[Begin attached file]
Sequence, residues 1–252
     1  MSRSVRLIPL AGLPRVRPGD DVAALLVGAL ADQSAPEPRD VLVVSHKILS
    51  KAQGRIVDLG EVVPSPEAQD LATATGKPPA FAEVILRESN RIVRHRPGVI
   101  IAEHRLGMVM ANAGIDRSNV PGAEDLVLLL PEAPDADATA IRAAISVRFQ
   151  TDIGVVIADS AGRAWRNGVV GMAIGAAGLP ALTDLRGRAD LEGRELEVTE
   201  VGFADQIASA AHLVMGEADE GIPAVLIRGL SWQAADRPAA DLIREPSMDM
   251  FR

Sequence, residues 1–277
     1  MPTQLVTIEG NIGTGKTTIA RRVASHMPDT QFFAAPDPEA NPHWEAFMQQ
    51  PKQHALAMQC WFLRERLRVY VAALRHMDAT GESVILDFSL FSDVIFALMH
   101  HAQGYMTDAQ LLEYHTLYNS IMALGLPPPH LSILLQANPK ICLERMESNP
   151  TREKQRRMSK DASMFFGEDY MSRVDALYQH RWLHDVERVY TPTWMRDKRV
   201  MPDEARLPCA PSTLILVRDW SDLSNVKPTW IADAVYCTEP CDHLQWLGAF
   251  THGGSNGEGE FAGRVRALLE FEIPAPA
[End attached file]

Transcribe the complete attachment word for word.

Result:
Sequence, residues 1–252
     1  MSRSVRLIPL AGLPRVRPGD DVAALLVGAL ADQSAPEPRD VLVVSHKILS
    51  KAQGRIVDLG EVVPSPEAQD LATATGKPPA FAEVILRESN RIVRHRPGVI
   101  IAEHRLGMVM ANAGIDRSNV PGAEDLVLLL PEAPDADATA IRAAISVRFQ
   151  TDIGVVIADS AGRAWRNGVV GMAIGAAGLP ALTDLRGRAD LEGRELEVTE
   201  VGFADQIASA AHLVMGEADE GIPAVLIRGL SWQAADRPAA DLIREPSMDM
   251  FR

Sequence, residues 1–277
     1  MPTQLVTIEG NIGTGKTTIA RRVASHMPDT QFFAAPDPEA NPHWEAFMQQ
    51  PKQHALAMQC WFLRERLRVY VAALRHMDAT GESVILDFSL FSDVIFALMH
   101  HAQGYMTDAQ LLEYHTLYNS IMALGLPPPH LSILLQANPK ICLERMESNP
   151  TREKQRRMSK DASMFFGEDY MSRVDALYQH RWLHDVERVY TPTWMRDKRV
   201  MPDEARLPCA PSTLILVRDW SDLSNVKPTW IADAVYCTEP CDHLQWLGAF
   251  THGGSNGEGE FAGRVRALLE FEIPAPA